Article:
I talk to dozens of military men and women each day and often I hear the same response; I’m a year out from transitioning so I don’t need to start planning. Now, I don’t expect to get everyone to work with me but this response is indicative of a sense that it will be an ‘easy’ or ‘quick’ transition. Unfortunately, neither is the case with the majority of those who transition and still need to work. By only receiving 60% of your pay after retirement there is still a need for most Veterans to make up the other 40%. This doesn’t take into account giving back, sharing your experience, professional development or just keeping busy.
It’s ideal to start 12 months before you transition but 6 months is probably more realistic given existing protocols.
Here are a few things you need to figure out to jump start your successful transition NOW. I will post about this topic for the next 4 days. We’ll start with several steps found with ‘N’:
N – Networking for your Next Career.
First, you need to know what you want to do in your next career. This is usually determined based your training, interest, experience & how much money you’d like (need) to make.
If you aren’t focused in the transition process the search will be frustrating, be longer than necessary and you may end up settling. Don’t be forced to take the first job you come across instead of one on a direct path to your 2nd career.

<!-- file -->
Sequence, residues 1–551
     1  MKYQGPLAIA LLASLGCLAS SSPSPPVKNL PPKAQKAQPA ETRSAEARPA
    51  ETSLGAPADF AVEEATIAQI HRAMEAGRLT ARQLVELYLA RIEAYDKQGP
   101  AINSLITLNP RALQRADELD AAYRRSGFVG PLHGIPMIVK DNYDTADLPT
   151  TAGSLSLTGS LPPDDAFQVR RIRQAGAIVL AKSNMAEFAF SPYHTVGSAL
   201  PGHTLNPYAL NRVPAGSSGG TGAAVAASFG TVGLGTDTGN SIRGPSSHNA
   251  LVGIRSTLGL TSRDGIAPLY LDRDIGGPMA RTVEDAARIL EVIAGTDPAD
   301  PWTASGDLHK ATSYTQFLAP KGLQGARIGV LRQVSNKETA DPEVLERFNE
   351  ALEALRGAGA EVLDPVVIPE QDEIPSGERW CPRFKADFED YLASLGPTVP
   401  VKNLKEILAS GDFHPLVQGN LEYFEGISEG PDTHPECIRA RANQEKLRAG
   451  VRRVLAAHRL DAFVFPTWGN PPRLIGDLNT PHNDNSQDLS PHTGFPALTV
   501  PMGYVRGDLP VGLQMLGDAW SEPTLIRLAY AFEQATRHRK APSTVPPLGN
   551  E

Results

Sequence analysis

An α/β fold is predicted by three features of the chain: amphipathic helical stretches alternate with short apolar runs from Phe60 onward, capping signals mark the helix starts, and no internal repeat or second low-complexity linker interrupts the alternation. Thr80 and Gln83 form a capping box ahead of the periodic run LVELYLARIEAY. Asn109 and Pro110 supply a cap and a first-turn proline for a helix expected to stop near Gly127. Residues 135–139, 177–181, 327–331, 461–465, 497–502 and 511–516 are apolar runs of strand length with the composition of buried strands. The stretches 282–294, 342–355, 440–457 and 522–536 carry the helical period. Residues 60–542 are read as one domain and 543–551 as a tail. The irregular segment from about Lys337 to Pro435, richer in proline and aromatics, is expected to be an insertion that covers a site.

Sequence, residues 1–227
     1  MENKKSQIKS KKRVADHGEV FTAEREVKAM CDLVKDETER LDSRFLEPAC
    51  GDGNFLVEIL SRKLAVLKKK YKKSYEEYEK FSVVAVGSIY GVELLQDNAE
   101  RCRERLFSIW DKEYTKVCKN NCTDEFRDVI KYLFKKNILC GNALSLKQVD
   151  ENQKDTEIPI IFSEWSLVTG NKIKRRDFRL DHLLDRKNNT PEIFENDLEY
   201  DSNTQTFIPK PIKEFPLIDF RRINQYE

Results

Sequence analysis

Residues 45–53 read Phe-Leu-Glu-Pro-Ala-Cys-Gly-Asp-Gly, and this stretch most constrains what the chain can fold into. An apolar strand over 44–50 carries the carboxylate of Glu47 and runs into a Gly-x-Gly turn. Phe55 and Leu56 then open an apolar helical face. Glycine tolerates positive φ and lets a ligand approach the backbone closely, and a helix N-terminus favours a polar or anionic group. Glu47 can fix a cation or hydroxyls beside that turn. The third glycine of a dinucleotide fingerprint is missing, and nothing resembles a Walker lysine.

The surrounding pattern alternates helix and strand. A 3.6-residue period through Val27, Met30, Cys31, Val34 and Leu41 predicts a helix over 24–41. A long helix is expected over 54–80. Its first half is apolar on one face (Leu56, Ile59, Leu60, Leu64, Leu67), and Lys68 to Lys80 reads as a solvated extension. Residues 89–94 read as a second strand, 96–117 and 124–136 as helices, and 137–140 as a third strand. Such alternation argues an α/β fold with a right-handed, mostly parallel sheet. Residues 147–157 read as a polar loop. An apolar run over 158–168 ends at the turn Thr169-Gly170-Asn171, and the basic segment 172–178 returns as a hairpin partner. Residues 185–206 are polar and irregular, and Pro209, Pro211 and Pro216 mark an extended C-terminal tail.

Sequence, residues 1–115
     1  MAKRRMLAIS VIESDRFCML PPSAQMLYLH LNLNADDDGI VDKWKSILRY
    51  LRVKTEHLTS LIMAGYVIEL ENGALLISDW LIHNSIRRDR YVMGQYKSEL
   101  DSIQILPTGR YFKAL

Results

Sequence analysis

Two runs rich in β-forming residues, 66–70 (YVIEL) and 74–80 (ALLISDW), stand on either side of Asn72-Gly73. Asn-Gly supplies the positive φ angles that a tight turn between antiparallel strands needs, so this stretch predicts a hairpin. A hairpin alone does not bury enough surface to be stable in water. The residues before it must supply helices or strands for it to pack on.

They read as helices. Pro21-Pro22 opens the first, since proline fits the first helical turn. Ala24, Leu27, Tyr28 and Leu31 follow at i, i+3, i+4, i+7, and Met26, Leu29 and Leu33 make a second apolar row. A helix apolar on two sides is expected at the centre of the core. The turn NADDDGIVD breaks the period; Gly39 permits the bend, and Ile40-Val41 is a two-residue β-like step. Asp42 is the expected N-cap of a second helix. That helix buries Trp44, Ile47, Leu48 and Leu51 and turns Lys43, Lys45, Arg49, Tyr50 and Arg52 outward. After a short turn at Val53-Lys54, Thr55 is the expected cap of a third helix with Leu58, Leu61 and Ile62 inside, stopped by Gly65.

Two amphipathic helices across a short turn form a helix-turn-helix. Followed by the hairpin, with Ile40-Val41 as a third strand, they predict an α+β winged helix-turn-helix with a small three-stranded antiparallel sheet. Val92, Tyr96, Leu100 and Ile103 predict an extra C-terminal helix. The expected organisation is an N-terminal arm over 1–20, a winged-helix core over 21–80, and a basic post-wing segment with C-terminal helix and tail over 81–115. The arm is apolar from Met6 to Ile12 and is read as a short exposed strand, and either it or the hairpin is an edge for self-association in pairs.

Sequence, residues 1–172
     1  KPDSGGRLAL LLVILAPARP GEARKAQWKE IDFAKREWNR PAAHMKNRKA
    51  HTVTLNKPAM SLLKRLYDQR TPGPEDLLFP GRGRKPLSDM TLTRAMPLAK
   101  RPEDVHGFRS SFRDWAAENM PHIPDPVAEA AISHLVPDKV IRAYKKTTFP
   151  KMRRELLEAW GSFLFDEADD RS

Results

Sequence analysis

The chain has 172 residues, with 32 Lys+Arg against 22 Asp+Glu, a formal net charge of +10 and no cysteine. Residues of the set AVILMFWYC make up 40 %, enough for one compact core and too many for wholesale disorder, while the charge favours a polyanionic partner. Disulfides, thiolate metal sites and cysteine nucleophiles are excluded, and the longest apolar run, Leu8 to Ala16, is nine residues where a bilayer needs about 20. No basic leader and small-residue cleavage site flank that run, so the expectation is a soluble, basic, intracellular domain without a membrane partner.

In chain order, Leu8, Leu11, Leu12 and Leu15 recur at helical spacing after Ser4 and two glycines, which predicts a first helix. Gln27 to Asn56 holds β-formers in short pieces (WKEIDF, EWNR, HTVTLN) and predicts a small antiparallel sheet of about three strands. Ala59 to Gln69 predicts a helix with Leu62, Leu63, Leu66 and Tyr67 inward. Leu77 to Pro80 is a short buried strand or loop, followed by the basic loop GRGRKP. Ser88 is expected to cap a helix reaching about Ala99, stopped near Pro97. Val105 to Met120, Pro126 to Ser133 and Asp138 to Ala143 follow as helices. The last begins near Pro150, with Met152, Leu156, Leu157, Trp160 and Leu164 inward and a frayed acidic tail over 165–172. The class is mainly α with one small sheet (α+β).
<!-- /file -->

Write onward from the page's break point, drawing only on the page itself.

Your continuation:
What unique skills & experience did you bring to your role in the military? Is there a civilian job that stands out as a natural transition? Example A: Are you a recruiter? You can be sales manager, a talent acquisition professional or work in enrollment management at a post-secondary school. Example B: Are you a skilled technician? You can be a technician (that was easy!) a shop manager, or be a Help Desk professional. Example C: Are you a Commanding Officer? You can be an Operations professional, a Project manager or a Management Consultant.
These are simplistic examples of what you do NOW to what’s out in the civilian world.
Once you determine what you want to do then you can start Networking.
Look at every interaction as a connection like you do as you build your LinkedIn network. Every time your neighbor to your colleague asks you what you plan on doing, tell them! Remember from my previous post on Networking, I don’t like traditional networking activities so I have found opportunities to do what I enjoy and turn it into networking. All of your interactions can & should add to your professional network in some way.
Contacts can be: 1) people you can assist; 2) highly connected individuals who can put you in touch with hiring managers; and 3) most will be interesting people that expand your network. Everyone is a networking opportunity – it just takes more time to figure out connections with some people but they exist.
Who have you ‘networked’ with lately? I encourage you to help someone in your personal or professional network; go out of your way to make an introduction, offer a suggestion or pass along information that could help them. Put good out there & good will come back to you.
Join me tomorrow as I discuss “O for Opportunities”.
Your Transition Coach, Liz